Since the beginning of the industrial age, the manufacturing sector has experienced a number of dramatic turning points, where the introduction of a new invention has radically changed manufacturing processes and output. Today,the manufacturing and high tech sector finds itself at one of these significant turning points -Industry 4.0. If you’re wondering what went before – Industry 1.0 is associated with the beginning of manufacturing where mechanical production systems were powered by steam and water. The next revolution in manufacturing came when the invention of electricity powered specialisation during the production process. Then came the use of electronics and IT to drive new levels of automation in Industry 3.0.
In case you needed another reason to uninstall Adobe Flash, we’ve got one: It can drag down your PC by as much as 80 percent. Yes, 80 percent. So not only is Adobe Flash incredibly unsafe, it’s a memory hog. And we’ve got the numbers to prove it. As part of an upcoming roundup of the major browsers, we tested their abilities to handle Flash. Two browsers, Mozilla Firefox and Opera, do not include Flash, although you can download a plugin from Adobe to enable it. A third, Microsoft’s new Edge browser, enables Flash by default, although you can manually turn it off. Both Internet Explorer 11 and Google’s Chrome also include Flash, which you can disable or adjust within the Settings menu.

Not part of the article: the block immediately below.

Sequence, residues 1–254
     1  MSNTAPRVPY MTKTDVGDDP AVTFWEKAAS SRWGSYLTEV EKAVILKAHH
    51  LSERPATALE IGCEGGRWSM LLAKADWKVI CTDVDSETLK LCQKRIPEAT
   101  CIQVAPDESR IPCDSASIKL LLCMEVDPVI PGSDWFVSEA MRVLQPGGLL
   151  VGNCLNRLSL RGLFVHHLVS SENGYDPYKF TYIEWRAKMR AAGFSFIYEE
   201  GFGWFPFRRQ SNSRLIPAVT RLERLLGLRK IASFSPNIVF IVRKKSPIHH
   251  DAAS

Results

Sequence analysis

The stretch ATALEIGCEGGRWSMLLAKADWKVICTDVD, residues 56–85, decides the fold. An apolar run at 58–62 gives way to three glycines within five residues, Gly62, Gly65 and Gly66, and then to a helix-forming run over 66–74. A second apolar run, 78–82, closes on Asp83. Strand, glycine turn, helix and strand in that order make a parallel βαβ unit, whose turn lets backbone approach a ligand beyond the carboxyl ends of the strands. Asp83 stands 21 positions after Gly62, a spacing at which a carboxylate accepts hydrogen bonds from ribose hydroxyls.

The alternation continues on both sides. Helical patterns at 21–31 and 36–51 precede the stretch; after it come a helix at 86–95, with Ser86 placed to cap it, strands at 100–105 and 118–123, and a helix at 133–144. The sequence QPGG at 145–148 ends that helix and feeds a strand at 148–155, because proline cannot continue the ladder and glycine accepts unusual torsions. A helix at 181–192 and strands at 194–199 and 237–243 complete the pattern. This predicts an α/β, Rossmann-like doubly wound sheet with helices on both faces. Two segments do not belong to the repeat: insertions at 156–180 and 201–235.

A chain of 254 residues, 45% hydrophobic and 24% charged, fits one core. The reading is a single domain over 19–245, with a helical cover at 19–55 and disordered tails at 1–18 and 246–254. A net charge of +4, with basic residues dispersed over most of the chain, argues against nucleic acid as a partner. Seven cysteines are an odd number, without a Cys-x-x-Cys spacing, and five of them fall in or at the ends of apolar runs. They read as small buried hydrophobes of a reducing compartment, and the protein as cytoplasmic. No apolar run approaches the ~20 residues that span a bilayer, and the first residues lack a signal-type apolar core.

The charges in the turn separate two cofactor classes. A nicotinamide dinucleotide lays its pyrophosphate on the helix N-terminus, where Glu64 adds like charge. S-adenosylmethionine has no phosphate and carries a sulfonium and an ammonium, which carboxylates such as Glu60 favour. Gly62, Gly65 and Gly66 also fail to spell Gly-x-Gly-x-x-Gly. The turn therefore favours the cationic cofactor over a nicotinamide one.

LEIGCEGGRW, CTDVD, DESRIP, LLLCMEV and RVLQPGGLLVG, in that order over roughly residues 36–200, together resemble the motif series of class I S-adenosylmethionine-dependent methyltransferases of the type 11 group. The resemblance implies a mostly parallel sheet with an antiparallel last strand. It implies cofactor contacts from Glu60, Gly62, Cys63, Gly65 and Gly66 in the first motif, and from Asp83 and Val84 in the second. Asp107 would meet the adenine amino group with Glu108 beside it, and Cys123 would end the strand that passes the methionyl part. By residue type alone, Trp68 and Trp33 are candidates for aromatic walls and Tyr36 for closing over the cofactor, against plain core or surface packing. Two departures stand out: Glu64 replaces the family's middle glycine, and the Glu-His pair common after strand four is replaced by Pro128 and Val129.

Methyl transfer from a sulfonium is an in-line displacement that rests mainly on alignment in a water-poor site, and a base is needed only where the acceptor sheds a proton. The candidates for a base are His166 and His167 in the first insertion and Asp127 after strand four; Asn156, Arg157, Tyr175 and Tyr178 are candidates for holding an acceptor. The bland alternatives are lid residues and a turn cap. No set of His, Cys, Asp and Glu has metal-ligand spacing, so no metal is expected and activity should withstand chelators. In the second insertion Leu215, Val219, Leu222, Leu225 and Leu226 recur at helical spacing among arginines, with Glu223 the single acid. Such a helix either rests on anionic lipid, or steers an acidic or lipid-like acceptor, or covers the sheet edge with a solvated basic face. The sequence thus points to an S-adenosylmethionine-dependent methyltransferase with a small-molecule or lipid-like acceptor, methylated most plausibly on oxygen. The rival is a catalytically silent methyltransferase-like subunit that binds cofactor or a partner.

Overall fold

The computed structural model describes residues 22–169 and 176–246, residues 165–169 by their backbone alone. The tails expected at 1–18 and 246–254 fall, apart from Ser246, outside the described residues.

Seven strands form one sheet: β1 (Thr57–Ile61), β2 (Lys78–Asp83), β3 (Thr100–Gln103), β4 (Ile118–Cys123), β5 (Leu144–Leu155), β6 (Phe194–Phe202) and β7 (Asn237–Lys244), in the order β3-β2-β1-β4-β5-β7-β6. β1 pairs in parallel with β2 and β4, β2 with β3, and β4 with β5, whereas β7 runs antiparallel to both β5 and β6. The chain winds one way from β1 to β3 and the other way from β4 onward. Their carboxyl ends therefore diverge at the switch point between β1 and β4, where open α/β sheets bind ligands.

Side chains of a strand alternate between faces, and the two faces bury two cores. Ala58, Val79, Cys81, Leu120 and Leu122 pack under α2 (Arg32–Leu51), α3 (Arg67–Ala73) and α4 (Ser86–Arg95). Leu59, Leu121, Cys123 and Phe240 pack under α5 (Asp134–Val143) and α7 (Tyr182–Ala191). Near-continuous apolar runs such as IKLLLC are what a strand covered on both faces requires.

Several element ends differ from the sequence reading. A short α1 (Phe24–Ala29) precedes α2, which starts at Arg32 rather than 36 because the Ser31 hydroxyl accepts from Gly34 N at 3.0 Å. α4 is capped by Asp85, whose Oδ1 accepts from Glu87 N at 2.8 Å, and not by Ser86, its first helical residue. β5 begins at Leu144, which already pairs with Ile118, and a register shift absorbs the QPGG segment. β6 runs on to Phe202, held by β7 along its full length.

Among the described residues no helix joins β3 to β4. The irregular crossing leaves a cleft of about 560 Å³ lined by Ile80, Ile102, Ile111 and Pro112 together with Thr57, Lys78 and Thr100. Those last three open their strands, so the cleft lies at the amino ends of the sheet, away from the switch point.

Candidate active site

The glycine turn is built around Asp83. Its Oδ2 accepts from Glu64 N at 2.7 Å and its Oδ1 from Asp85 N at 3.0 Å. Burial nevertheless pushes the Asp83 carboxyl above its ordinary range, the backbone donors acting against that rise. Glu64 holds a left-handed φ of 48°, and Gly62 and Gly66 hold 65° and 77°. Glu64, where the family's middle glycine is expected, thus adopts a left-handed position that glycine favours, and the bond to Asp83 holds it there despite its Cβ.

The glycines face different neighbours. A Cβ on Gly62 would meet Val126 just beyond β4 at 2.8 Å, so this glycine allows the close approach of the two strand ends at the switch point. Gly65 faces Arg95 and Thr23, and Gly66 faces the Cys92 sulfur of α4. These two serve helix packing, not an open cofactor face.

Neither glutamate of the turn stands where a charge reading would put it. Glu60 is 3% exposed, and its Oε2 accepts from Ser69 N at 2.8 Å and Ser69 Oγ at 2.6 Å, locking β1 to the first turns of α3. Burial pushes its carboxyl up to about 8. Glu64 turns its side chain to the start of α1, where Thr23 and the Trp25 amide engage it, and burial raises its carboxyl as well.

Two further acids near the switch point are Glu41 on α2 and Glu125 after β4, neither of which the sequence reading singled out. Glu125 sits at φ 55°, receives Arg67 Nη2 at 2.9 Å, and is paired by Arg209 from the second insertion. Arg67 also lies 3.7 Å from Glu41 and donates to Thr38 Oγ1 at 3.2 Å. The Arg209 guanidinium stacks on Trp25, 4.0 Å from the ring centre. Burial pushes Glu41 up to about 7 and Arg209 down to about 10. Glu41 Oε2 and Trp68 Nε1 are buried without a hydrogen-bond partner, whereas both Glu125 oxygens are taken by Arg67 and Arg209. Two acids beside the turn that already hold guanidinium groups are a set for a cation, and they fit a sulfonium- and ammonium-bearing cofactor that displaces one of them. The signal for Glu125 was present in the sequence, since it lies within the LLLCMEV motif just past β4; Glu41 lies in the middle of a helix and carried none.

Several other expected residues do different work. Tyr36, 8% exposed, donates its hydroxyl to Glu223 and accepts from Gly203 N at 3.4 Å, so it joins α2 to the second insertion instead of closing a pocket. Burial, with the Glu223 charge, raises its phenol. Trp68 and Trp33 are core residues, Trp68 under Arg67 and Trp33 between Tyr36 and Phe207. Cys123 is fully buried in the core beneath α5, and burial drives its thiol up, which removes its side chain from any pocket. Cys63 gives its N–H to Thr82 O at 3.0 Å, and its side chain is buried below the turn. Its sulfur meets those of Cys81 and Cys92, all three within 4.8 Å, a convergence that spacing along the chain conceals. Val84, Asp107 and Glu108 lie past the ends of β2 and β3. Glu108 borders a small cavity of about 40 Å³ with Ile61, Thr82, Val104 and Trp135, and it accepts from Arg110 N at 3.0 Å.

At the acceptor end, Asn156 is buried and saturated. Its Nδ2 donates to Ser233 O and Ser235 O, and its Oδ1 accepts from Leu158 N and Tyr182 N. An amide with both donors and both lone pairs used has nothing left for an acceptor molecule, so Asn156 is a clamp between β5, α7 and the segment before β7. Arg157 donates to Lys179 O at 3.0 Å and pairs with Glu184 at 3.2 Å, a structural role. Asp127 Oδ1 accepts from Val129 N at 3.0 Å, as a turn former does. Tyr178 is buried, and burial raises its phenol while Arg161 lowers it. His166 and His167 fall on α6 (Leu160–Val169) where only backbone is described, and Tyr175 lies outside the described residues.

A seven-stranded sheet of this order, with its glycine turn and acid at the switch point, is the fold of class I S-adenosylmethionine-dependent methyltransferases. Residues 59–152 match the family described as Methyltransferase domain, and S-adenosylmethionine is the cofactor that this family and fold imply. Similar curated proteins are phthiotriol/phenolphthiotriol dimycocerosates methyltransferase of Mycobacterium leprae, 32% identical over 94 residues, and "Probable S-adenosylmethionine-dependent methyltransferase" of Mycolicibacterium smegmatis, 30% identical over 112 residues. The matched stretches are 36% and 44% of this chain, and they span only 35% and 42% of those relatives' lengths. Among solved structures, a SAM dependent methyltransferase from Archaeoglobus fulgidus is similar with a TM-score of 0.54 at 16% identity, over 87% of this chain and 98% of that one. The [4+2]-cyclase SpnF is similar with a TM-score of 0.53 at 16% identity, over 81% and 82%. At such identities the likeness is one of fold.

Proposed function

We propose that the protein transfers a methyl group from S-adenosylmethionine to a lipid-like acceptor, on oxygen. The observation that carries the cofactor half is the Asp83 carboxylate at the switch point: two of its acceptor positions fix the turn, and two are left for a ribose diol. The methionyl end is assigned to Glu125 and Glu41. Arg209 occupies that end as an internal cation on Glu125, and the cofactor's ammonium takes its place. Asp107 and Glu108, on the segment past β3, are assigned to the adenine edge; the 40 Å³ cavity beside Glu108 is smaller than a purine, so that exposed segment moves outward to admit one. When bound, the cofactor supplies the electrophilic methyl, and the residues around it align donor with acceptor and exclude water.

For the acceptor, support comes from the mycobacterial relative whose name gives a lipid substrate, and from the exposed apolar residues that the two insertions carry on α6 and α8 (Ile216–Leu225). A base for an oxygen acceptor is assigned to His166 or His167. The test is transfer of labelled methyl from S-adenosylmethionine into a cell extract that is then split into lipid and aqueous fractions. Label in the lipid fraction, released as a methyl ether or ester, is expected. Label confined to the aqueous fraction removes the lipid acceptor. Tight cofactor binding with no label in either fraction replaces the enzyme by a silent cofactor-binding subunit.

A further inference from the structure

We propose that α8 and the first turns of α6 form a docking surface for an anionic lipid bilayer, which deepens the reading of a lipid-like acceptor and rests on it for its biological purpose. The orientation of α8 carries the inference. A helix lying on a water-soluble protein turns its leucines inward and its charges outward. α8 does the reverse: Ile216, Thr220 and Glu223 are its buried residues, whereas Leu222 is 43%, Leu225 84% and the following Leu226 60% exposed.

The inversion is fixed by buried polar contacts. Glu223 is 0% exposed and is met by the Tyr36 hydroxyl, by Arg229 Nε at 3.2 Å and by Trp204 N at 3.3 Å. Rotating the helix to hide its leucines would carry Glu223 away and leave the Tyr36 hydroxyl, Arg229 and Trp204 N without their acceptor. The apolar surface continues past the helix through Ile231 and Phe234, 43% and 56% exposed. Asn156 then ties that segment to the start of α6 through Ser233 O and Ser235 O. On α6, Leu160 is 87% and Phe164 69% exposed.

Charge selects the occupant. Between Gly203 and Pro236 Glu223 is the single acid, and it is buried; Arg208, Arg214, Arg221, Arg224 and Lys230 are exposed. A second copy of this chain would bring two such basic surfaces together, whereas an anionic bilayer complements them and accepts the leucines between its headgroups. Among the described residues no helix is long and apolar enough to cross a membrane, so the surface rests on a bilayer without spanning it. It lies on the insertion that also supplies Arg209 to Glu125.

The benefits will be enormous: An 80+ percent reduction in the cost of transportation. Reduced pollution. Reduced stress and road rage. A dramatic decrease in accidents and traffic deaths. Gaining back time lost to commuting — and the associated increase in productivity. Freeing up two lanes on many urban roads by eliminating parked cars. Even the reclaiming of the space allocated to home garages. This future is being driven by the nexus of three significant trends. Each is important in and of itself, but combined they create an unstoppable force for change. As with most significant changes to the way we live our lives, safety and trust and data are key to enabling the potential of on-demand mobility.